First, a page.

Appraisal fees have been going up and turn-times have been getting longer. Why is this happening? Why is it taking longer to get appraisals done? Is there really a shortage of appraisers? Let’s consider a few points below to help think through some of the bigger pieces to this conversation. I hope this will help you better explain the issue to your clients also. Any thoughts? I’d love to hear your take.
5 things to consider about higher fees and longer turn-times:
1) Appraiser “Speculators”: Did you know there are actually 45% less licensed appraisers in California today compared to 10 years ago? This sounds alarming, but is it a shortage? The number of appraisers climbed exponentially before 2007 because the market was good and it was fairly easy to become an appraiser in California at the time. This hefty increase was more about the market though rather than there actually being a need for more appraisers (key point). In fact, many of the appraisers who entered the field were more like speculators hoping for easy money – but then the economy unraveled. We can’t therefore look at 20,000 appraisers as being a normal or healthy number of appraisers in California.
2) Rate of Decline Slowing: According to a phone conversation with the Bureau of Real Estate (BREA) last week, in 2009 the state was losing about 190 licensed appraisers each month, and that number is now 34 per month. It’s great news the decline has slowed, but it’s also going to be a big problem if we don’t see the decline stop at some point. The good news is last week BREA actually announced new rules that essentially make it easier to become an appraiser trainee. Now let’s hope lenders/AMCs will encourage trainees to be used in reports (this needs to happen). Of course one factor worth mentioning is we don’t really know how many of the nearly 11,000 appraisers are actually actively working. For reference, the average age of an appraiser in California is nearly 52 years old (73% male and 27% female).
3) Shortage: When talking with BREA on the phone, they said there is NOT an appraiser shortage. Their sense is there are enough appraisers to handle current appraisal volume, though they said certain markets definitely have a shortage (such as rural northern California), while other markets are still saturated with appraisers (they said Orange County and even Sacramento). This reminds us what Jonathan Miller says, that there is NOT an appraiser shortage, but a shortage of appraisers willing to work for low fees.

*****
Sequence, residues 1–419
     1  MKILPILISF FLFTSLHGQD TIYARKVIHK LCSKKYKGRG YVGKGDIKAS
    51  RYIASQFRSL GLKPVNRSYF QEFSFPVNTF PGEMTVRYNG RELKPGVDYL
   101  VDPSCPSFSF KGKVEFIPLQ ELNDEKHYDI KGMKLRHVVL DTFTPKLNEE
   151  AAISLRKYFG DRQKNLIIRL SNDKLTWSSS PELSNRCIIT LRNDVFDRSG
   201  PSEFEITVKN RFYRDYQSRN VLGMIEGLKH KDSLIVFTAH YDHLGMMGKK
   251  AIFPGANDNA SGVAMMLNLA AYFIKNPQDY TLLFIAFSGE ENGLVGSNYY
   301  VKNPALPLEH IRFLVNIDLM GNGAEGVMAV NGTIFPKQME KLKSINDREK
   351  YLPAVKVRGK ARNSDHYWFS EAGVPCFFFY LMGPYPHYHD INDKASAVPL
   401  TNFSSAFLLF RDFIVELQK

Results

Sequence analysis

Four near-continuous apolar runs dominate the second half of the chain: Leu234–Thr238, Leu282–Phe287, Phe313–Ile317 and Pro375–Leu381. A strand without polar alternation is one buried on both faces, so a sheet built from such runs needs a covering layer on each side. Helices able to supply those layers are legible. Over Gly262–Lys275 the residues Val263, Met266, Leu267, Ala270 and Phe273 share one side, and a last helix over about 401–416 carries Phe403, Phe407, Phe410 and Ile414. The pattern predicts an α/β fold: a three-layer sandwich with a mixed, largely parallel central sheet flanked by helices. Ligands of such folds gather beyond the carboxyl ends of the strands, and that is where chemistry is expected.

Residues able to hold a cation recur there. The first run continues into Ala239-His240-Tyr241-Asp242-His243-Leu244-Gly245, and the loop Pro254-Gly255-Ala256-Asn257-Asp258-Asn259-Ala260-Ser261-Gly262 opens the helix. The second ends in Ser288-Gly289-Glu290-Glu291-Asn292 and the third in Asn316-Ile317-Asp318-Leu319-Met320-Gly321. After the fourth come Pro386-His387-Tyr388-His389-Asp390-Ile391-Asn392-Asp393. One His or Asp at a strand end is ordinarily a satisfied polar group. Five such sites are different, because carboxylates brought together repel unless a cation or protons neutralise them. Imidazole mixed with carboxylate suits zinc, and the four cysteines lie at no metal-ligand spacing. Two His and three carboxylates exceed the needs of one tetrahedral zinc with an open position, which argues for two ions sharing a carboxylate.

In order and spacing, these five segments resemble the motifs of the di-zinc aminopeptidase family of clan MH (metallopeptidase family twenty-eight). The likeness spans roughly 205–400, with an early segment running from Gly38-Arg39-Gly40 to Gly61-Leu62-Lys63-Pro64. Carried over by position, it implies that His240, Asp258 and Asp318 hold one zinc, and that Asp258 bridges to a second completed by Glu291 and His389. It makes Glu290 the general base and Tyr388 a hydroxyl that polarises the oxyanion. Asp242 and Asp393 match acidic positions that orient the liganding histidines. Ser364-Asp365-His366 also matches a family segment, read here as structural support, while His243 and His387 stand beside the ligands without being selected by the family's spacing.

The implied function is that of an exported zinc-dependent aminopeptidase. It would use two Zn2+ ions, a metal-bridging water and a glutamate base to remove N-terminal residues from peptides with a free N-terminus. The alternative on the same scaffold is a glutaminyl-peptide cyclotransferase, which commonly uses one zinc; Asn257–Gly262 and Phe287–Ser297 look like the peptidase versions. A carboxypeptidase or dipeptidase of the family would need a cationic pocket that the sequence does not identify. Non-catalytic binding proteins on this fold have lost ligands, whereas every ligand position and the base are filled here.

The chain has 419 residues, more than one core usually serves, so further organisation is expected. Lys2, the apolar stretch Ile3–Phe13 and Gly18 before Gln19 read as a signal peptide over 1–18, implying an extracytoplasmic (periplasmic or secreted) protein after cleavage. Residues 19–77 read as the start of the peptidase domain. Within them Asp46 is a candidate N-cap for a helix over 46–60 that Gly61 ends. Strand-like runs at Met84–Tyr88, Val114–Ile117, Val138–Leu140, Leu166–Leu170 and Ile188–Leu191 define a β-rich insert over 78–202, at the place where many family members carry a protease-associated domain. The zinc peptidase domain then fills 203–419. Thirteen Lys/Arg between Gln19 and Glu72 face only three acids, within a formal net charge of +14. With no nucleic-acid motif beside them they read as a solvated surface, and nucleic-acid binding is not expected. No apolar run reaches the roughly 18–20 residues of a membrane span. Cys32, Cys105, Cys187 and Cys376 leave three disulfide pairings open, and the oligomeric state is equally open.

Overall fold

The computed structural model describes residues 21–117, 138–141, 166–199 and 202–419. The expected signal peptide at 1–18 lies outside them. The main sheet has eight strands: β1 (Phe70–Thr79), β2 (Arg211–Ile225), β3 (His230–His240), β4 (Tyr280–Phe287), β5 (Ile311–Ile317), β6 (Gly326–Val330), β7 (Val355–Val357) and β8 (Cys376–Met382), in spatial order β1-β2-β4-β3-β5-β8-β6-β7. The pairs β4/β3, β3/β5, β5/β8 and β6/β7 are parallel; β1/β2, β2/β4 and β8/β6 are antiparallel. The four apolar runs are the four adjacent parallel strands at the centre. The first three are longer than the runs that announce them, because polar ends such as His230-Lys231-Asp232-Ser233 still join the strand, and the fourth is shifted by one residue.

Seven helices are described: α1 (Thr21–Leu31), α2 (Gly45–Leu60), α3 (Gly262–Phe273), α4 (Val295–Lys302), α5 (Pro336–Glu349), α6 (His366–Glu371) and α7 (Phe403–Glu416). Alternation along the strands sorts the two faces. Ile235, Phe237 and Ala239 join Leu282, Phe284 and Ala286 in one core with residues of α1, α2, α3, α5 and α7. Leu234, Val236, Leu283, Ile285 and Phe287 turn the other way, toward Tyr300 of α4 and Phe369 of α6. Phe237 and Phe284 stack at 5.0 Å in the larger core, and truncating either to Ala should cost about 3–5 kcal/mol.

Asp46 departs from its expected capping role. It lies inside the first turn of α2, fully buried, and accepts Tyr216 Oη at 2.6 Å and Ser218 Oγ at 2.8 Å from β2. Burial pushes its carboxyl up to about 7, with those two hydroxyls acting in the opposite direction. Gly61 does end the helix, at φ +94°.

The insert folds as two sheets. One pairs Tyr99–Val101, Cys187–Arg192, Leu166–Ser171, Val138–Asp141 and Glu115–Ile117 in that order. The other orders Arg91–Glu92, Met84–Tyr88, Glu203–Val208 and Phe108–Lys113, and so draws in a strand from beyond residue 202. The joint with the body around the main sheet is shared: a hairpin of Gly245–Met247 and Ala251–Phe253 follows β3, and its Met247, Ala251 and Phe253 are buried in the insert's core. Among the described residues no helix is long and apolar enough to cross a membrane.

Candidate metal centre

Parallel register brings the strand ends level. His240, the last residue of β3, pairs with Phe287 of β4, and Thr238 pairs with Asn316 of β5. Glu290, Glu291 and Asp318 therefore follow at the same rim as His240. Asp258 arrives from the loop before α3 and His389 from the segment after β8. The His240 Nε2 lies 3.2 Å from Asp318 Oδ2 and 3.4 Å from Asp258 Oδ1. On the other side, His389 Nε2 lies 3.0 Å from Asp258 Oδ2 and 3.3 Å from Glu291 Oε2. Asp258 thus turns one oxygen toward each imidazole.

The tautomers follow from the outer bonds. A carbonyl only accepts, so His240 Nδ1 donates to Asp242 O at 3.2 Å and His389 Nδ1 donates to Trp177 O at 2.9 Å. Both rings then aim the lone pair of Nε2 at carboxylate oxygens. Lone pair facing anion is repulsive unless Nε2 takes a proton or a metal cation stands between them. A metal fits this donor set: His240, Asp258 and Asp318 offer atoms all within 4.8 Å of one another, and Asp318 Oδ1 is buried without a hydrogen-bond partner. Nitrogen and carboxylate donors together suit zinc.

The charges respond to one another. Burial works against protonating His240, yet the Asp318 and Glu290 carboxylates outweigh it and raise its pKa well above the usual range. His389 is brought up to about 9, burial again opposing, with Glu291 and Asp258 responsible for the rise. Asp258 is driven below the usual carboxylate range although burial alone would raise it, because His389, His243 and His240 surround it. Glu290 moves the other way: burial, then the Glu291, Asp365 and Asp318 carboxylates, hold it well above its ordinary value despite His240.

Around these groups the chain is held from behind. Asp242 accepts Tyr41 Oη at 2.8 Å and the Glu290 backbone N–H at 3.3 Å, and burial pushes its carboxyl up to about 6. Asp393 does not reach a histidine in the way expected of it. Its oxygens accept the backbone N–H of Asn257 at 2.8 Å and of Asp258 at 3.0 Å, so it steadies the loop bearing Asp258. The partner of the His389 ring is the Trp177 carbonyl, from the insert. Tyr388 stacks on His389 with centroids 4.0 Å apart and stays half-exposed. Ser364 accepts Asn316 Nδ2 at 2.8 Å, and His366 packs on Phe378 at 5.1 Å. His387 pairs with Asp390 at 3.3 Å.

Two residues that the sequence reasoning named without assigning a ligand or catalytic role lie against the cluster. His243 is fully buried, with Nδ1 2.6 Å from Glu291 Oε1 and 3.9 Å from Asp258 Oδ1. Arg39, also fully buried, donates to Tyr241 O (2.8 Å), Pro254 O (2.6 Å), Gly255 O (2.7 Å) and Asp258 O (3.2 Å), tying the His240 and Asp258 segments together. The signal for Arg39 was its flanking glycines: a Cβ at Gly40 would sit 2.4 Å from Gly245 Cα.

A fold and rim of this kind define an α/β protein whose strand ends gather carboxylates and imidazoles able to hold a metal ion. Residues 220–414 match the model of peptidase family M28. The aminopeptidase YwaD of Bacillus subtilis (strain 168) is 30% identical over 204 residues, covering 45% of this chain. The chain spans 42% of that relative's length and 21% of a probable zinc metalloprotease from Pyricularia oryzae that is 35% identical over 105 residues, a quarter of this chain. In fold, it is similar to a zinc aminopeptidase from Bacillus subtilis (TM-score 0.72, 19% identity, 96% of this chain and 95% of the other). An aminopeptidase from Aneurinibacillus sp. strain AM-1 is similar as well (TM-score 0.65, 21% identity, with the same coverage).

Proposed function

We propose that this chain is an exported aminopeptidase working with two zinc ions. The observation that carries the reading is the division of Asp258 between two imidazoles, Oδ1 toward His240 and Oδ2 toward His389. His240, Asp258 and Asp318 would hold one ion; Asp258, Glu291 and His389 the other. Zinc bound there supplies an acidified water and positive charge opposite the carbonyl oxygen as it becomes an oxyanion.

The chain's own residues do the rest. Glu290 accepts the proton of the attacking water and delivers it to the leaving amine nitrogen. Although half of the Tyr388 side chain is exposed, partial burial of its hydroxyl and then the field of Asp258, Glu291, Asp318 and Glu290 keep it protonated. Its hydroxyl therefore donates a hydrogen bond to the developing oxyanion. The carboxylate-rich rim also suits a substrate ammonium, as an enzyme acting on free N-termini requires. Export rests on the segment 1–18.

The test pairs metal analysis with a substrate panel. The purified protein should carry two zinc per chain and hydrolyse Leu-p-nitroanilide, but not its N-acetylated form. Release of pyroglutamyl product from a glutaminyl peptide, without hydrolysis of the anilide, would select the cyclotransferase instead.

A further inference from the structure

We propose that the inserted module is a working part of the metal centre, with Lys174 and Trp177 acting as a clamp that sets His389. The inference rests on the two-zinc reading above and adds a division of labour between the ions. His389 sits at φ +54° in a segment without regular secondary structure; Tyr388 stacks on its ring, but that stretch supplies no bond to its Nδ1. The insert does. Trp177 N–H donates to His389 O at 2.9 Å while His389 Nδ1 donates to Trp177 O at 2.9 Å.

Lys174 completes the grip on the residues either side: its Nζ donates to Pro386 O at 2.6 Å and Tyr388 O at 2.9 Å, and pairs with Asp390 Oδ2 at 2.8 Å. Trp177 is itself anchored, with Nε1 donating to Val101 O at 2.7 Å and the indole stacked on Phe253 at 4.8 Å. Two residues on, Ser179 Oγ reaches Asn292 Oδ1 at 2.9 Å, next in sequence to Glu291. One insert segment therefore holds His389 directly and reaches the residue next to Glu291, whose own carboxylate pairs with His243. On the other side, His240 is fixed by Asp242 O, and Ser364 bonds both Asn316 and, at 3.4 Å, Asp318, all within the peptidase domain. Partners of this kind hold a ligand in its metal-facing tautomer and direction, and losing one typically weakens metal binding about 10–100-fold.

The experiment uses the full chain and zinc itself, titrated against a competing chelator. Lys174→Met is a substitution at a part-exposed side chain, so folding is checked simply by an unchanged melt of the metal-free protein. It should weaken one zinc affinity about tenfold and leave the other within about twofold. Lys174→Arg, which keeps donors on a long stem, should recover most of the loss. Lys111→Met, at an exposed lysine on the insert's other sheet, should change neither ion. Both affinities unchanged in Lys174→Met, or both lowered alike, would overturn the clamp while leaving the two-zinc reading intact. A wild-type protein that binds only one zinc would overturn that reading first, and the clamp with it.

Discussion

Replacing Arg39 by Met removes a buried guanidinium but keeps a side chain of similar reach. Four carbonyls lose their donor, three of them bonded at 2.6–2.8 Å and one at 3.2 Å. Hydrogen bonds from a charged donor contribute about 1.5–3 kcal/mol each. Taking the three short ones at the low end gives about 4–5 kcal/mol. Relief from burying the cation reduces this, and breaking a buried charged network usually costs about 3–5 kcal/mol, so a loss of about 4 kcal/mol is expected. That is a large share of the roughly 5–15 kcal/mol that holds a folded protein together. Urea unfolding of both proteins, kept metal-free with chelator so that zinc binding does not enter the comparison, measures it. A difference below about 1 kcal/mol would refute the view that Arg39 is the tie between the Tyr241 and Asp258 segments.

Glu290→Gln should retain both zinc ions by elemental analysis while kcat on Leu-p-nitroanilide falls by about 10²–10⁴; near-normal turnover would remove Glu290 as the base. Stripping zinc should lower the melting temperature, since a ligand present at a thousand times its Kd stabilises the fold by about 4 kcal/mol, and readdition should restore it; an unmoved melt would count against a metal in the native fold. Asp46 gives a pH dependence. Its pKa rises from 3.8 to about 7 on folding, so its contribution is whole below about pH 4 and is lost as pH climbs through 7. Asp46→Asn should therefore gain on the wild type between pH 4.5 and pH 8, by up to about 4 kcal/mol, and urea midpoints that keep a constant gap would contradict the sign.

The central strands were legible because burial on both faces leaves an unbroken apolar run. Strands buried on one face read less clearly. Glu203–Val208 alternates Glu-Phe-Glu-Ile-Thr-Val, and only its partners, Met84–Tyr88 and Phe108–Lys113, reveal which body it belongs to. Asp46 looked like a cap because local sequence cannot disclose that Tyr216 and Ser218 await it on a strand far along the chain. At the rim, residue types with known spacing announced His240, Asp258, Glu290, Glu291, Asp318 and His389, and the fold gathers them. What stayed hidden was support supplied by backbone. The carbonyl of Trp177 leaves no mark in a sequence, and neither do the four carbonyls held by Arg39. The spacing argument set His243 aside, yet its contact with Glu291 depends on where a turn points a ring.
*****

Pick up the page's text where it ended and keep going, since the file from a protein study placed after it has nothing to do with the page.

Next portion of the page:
4) Not Getting All the Money: A loan officer I spoke with was frustrated that his Borrowers were paying $550 for conventional appraisals and $750 for jumbo appraisals – and still experiencing longer turn-times. When he told me the Appraisal Management Company (AMC) he uses though, that’s where the problem comes in. This AMC regularly pays appraisers $350, which means they’re pocketing 40% of the fee the Borrower thinks is going to the appraiser. A few days ago on Facebook there was an appraiser who had an offer from an AMC to appraise a property for $850, but the AMC was charging the Borrower $1,385. Let’s remember appraisers are supposed to be paid “customary and reasonable” fees under Dodd-Frank, but a reasonable fee is what the appraiser gets – NOT what the Borrower pays.
5) Markets Change: The market has been experiencing a correction after years of low-ball fees from AMCs. Maybe some of it is due to there being less appraisers, and we’ll feel that out over time, but before sounding the appraiser shortage alarm, we have to respect the reality that fee markets don’t remain the same forever. For instance, a local architect friend has been so busy lately that he’s been quoting much longer turn-times and “blow off” fees that clients wouldn’t possibly accept (but they are accepting them). We see a similar market change with contractors as they are incredibly busy right now and not taking the little jobs since the big jobs pay more. Keep in mind appraisers are juggling appraisals for purchases, refinances, and private situations. When things get busy, appraisers understandably gravitate toward clients who pay better. This means low-paying AMC clients get dropped and anything that is not a “piece of cake” valuation might struggle to be accepted unless the fee is reasonable. As a consequence this also means AMCs may have to shop for many extra days or weeks to find an appraiser to take on the assignment. It’s not easy to digest this, but we have to respect the way markets move and then change our expectations too. Otherwise we are left feeling entitled to the way things have been when the market is simply different now.
I hope this was helpful.
Recent Woodworking: By the way, from time to time I like to share some things I’ve built so you know I have a life outside of appraising. Yes, I’ve built a few skateboards recently with my oldest son. It’s like re-living the 80s for me.
Questions: Which points stand out to you the most? What else would you add? Did I miss something?
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